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Canku Ota

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(Many Paths)

An Online Newsletter Celebrating Native America


May 18, 2002 - Issue 61


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New Haskell Graduates Share Ambition to Preserve Cultures

by Dave Ranney Lawrence Journal World
credits:Mike Yoder/Journal-World Photos
After four years in college, most students want to get a job, make some money and take on the future.

Cory Spotted Bear and Carlos Cariaga, who were among 170 students to graduate Friday from Haskell Indian Nations University, are on a different mission. They want to save a language.

"My grandparents went to boarding schools where they weren't allowed to speak their language," said Cariaga, a 26-year-old Santee Sioux from Santee, Neb., who received a bachelor's degree in American Indian Studies.

"So later on, they didn't teach their kids — my parents," he said. "Now there's a whole generation, my parents' generation, that sort of got skipped, they didn't get to learn their language. So we are trying to preserve it."

And that's important, Spotted Bear said, because, "Language and culture go hand-in-hand. You can learn a language without knowing anything about the culture, but you'll be only getting half the picture, and you can study a culture without knowing the language but you won't know what it means. You need both."

Spotted Bear, a Mandan Hidatsa Arikara, grew up on the Fort Berthold Indian Reservation in central North Dakota. He, too, graduated Friday from Haskell with a degree in American Indian Studies.

Spotted Bear, 25, and Cariaga both plan on going to Kansas University next year to pursue master's degrees in linguistics at the Center for Indigenous Nations Studies.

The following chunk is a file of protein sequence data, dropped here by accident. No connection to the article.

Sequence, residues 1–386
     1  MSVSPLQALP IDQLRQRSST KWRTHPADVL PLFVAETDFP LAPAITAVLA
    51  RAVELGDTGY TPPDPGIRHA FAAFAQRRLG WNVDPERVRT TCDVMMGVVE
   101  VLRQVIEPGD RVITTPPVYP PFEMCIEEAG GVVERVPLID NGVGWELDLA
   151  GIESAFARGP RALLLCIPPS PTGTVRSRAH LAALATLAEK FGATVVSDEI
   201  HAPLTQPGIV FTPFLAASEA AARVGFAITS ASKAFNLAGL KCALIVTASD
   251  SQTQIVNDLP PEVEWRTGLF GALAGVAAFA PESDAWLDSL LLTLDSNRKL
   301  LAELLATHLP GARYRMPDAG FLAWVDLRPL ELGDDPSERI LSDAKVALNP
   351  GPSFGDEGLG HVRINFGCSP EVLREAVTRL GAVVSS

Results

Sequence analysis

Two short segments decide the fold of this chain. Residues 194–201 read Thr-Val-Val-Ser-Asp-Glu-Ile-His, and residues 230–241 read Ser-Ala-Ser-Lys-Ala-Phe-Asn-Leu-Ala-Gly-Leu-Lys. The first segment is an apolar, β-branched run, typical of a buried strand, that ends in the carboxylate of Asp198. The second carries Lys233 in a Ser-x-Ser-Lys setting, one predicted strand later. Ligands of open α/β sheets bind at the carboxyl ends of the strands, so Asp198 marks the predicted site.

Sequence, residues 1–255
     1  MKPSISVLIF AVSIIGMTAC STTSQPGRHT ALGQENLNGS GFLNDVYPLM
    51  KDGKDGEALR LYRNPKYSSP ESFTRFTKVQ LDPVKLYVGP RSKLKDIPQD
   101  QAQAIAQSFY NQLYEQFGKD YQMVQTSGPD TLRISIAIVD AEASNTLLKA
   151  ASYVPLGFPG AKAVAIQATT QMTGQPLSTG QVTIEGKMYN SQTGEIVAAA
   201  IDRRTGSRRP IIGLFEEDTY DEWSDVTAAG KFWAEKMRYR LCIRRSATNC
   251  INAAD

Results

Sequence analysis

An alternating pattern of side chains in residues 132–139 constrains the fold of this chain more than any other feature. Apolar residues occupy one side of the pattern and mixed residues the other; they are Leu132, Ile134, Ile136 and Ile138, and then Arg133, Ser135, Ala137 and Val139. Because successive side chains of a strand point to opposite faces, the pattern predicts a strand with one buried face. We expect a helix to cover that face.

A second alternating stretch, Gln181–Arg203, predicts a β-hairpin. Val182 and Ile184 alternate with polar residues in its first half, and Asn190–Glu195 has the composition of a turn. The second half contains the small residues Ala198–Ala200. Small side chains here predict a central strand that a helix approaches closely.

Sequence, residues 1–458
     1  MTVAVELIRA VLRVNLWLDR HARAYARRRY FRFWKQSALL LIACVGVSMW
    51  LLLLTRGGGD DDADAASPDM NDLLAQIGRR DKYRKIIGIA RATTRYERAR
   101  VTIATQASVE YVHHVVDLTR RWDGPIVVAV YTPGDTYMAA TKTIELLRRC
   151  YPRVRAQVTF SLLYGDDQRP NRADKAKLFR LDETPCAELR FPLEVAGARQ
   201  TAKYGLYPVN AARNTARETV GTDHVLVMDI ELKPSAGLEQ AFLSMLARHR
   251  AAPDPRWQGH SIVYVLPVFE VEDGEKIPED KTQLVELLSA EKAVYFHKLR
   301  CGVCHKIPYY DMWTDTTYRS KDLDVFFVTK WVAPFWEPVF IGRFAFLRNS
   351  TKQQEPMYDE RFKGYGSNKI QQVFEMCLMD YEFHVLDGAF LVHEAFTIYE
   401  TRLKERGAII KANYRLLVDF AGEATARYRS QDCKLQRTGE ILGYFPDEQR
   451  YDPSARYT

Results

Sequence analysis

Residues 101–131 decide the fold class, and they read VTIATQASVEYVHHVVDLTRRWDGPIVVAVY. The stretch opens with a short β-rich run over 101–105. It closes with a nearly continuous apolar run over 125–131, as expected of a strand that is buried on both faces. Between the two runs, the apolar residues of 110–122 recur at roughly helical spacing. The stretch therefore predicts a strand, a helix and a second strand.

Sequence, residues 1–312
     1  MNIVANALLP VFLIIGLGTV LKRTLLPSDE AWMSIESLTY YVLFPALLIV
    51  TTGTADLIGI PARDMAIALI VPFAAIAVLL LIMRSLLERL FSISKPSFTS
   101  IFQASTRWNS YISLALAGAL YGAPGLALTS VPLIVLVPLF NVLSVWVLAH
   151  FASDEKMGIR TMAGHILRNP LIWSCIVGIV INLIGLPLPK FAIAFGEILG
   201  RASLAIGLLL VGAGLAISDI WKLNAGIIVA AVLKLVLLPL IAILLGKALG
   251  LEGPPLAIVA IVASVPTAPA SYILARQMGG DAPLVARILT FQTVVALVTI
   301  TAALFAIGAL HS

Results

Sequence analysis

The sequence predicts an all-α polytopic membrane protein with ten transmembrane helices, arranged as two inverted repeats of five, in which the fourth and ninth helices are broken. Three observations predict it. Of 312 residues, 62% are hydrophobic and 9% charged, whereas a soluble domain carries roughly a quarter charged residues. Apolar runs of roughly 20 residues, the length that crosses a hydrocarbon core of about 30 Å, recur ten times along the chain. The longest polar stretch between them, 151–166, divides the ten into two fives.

"It's really important for Indian people to get an education," Cariaga said. "Indian people today account for only 2 percent of the population, and an even smaller percentage go to college."

He added: "Haskell is a good place for an education."

More than 2,500 people — a mix of proud relatives, friends and instructors — attended the 90-minute commencement ceremonies at Haskell Stadium. The event featured an energetic performance by the Yun Shu Ka Dancers, representing the Tlingit, Haida, Aleut, Tsimshian, Inupiat and Athabaskan nations of Alaska.

"This is a bittersweet moment for me," Erika Washee Stanley said during her commencement address. "It is good that we are graduating, but there is an air of sadness. Haskell has been like a second home for me. It has changed my life for the better."

Stanley, 23, an Arapaho-Cheyenne from Wichita, shared Haskell Student of the Year honors with Carlene Nofire-Morris, 41, a Cherokee from Oklahoma.

U.G. Paisano, who graduated from Haskell Institute (high school) in 1933 and finished "business school" at Haskell in 1934, was named Outstanding Alumnus for 2002.

Paisano, who lives in Albuquerque, N.M., helped start an alumni group, the Haskell Club of New Mexico, in 1963.

Facing the crowd of students about to graduate, Paisano said, "I hope you all go on to a better life and, in some way, help your tribes. And, some day, I hope you can have the same feelings toward Haskell as I do."

Earlier this week, Ralph Reed, head of Haskell's commencement planning committee, said 111 students would receive two-year degrees and 59 would receive four-year degrees.

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